Geothermal energy in the context of a drive to carbon neutrality in Chile is looked at in an opinion article that our Spanish-language sister publication PiensaGeotermia participated.
Two interesting articles about the challenges of geothermal development in Chile were published by the NuevaMinería magazine.
This includes a Geothermal Special (pages 44-48 of the pdf document) in two sections, Piensa Geotermia (Think Geothermal): Challenging Path to Carbon Neutrality (where we were invited to publish this note); and a huge energy source under our feet.
When analyzing electricity markets in Latin America with similar regulation to the Chilean one, it is quickly found that the development of geothermal energy is stagnant and that existing plants, such as in Mexico, were developed when the electricity sector was controlled by the state or with aid of the state. Everything we do today for geothermal energy will be realized in 5 to 10 more years.
The Geothermal Development Fund for Latin America (GDF), after 4 rounds of risk financing, with more than 50 geothermal projects reviewed in 10 countries in the region, recently addressed this issue and concludes that “the lack of compression of the attributes positive aspects of geothermal energy in Latin America, is a key aspect in the little support that energy policies have in the region ”, thus delaying the development of geothermal energy. Furthermore, this is reflected in the actions of governments, since in general, they do not have a policy that differentiates between the firm and intermittent power of renewable energy, which can also be extrapolated to differentiate in the total cost of operating the system. Reflection of this, is that in Chile the “costs of 1 MWh” in supply tenders for regulated customers does not deal with either the origin, the emissions, the impact on the operation of the electrical system, or even if it is required build more than 1,000 kilometers of network to bring this 1 MWh to the consumption centers of regulated customers, located in Santiago to the south.
At the international level, geothermal energy took another course after the Paris Agreement, as a key technology to enable the transition to carbon neutrality. Cities such as London, Paris, Munich, Amsterdam and many others in Europe are developing geothermal energy in cities, in order to take advantage of the remaining heat (cogeneration), reduce emissions by replacing fossil fuels, improve people’s quality of life and improve the local economy. The classic concept of geothermal energy that we know in Chile is far from this new concept. Here we have a tremendous opportunity with future generations: we can decontaminate cities, replace firewood and improve the quality of life.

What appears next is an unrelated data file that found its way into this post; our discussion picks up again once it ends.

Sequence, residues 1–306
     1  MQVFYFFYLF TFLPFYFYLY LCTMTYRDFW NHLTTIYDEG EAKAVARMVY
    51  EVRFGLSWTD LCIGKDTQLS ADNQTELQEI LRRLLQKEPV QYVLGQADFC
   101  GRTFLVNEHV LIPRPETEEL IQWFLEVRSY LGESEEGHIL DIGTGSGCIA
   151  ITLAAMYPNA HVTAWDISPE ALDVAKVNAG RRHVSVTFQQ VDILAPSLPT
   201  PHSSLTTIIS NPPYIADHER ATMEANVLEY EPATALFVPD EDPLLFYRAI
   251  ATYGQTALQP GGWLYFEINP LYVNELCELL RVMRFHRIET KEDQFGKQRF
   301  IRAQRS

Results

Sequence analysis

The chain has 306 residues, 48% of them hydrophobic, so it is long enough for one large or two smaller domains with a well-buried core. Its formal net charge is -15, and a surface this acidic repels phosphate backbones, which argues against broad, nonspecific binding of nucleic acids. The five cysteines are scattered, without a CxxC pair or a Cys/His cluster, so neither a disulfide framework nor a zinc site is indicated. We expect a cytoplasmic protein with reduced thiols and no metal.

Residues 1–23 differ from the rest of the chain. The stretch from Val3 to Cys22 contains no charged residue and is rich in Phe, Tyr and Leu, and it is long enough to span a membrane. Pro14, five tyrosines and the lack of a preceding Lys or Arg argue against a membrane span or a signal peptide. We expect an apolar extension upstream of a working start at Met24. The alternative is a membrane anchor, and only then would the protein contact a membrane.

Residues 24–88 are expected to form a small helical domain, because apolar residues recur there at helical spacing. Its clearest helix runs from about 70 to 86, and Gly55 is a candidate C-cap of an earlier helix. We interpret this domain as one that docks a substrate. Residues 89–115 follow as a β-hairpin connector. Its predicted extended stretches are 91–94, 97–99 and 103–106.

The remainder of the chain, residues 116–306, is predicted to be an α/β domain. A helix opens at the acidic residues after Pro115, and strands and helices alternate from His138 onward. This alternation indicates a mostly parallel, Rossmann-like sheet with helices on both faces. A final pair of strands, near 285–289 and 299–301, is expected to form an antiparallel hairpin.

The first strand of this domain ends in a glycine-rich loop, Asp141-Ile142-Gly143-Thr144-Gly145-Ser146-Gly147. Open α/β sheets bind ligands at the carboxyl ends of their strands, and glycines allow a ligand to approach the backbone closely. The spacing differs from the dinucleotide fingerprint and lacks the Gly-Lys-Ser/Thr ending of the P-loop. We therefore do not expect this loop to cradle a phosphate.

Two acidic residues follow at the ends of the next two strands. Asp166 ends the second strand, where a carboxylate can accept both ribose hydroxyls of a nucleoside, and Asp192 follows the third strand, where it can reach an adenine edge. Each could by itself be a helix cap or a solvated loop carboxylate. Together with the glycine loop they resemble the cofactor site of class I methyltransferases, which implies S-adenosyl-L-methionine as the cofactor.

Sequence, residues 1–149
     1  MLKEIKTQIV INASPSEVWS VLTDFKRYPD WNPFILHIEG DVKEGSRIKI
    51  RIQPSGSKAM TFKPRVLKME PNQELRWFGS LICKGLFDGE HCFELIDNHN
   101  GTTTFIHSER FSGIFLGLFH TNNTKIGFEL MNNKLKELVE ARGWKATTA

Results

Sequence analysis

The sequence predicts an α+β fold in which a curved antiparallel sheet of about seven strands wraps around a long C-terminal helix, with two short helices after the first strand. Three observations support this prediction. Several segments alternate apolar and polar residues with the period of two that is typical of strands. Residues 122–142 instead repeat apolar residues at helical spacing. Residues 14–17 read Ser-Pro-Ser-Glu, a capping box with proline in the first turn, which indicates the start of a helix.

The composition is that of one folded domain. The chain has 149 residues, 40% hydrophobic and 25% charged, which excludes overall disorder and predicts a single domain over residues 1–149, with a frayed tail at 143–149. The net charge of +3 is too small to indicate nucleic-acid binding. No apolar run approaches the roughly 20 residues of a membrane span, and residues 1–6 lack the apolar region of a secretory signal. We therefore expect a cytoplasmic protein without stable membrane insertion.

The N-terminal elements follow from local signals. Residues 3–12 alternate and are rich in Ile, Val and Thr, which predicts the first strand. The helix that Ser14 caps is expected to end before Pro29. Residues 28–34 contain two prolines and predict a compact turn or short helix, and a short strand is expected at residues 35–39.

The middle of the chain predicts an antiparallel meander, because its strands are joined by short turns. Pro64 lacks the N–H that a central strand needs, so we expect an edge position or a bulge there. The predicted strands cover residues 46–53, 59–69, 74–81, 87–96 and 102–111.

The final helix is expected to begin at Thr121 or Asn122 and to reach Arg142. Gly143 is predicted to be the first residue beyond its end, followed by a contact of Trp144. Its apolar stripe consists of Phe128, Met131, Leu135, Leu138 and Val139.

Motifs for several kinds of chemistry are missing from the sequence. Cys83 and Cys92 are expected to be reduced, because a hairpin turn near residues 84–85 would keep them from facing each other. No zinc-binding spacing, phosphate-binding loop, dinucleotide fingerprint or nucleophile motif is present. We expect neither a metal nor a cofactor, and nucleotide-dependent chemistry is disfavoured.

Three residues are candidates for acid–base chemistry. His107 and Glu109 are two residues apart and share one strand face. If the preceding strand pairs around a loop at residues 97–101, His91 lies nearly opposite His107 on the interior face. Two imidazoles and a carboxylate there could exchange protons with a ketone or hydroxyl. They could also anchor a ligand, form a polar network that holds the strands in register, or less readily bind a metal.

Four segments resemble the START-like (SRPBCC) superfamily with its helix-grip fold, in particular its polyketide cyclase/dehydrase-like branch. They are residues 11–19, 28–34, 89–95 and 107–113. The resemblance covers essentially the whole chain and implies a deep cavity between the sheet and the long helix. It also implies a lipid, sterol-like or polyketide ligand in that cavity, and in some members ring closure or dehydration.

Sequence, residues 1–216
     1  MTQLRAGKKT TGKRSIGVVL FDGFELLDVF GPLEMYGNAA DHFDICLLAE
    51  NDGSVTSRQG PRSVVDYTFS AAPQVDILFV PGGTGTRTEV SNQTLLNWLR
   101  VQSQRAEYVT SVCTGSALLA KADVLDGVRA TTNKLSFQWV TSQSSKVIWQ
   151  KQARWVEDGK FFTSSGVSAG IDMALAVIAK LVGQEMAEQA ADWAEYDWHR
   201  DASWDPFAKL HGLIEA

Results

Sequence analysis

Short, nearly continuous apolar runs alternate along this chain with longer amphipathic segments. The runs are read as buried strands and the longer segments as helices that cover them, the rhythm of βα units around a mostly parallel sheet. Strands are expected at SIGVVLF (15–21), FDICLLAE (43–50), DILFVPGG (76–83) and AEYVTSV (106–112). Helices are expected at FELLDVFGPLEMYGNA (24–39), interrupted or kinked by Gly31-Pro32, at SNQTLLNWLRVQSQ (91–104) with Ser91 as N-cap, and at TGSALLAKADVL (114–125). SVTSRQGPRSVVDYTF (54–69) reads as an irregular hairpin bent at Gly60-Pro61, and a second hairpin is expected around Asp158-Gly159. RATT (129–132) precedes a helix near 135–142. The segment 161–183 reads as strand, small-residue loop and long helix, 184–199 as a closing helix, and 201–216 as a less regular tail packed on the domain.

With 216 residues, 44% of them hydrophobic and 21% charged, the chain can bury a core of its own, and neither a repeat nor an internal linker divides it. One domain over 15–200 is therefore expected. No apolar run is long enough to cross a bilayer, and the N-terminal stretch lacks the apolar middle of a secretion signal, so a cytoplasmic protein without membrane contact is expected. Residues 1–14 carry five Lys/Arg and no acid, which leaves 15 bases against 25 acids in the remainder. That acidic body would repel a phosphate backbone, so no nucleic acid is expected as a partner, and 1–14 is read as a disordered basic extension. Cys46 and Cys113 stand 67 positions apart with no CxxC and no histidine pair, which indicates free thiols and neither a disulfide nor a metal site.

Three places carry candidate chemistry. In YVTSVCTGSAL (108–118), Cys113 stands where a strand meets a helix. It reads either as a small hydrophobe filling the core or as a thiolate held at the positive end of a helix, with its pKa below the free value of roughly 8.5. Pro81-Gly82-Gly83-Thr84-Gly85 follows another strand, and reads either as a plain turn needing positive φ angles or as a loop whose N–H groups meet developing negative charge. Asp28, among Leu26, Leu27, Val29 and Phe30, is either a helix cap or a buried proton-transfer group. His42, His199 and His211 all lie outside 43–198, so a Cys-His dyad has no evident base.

The extraction of lithium from geothermal fluids is a matter that must be urgently addressed in Chile. The Geothermal Law does not allow the extraction of minerals from the geothermal fluid and with this we are losing a tremendous opportunity and market position as a leading country in the production of lithium with low water footprint, low CO2 footprint and not drying salt flats. In Chile, we are currently detained.
Finally, Chile’s geothermal potential is underestimated, as it is limited to certain very specific places in the mountain range between Arica and Pto Montt and with insufficient information, consistency in the development of energy policy is lost.
A Huge Energy Source Under Our Feet
Diego Morata, Director of CEGA, together with Jerónimo Carcelén, President of the Geothermal Council of Chile, refer extensively to the geothermal potential of 3,500 MW and the challenges in its development. This potential to be exploited represents about 20% of the total installed capacity globally and with it Chile would become a leader in the industry.
The most memorable milestone in the sector and in South America, is the commissioning of Cerro Pabellón in 2017, the first plant on the continent, with 48 MW of installed capacity and which is currently under construction in the expansion of 33 Additional MW. The industry has invested nearly $ 500 million over the past 10 years, and projects with advanced exploration include Mariposa from the Energy Development Corporation; and Peumayén from Transmark Renewables.
Diego Morata states that although 6o0 MW could be developed by 2030, there is still no certainty that this milestone can be met, the main obstacle being the lack of a public policy that favors this technology.
Jerónimo Carcelén complements the above, indicating that “there are geological and financial risks that hinder the initial stage of these projects, related to the high costs of exploration and the low probability of finding the geothermal reservoir.”
In the last public account in Chile, he noted the pending amendment to the Geothermal Law that seeks to modernize it, including direct uses other than electricity generation such as heating, greenhouses, tourism projects, fish farms, among others.